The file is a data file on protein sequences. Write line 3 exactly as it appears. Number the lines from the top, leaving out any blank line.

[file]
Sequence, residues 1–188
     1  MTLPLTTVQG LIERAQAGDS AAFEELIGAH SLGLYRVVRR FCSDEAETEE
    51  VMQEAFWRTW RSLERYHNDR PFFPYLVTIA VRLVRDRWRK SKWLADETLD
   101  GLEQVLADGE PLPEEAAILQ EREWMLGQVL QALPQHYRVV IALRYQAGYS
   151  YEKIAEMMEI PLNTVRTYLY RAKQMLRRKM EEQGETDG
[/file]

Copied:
    51  VMQEAFWRTW RSLERYHNDR PFFPYLVTIA VRLVRDRWRK SKWLADETLD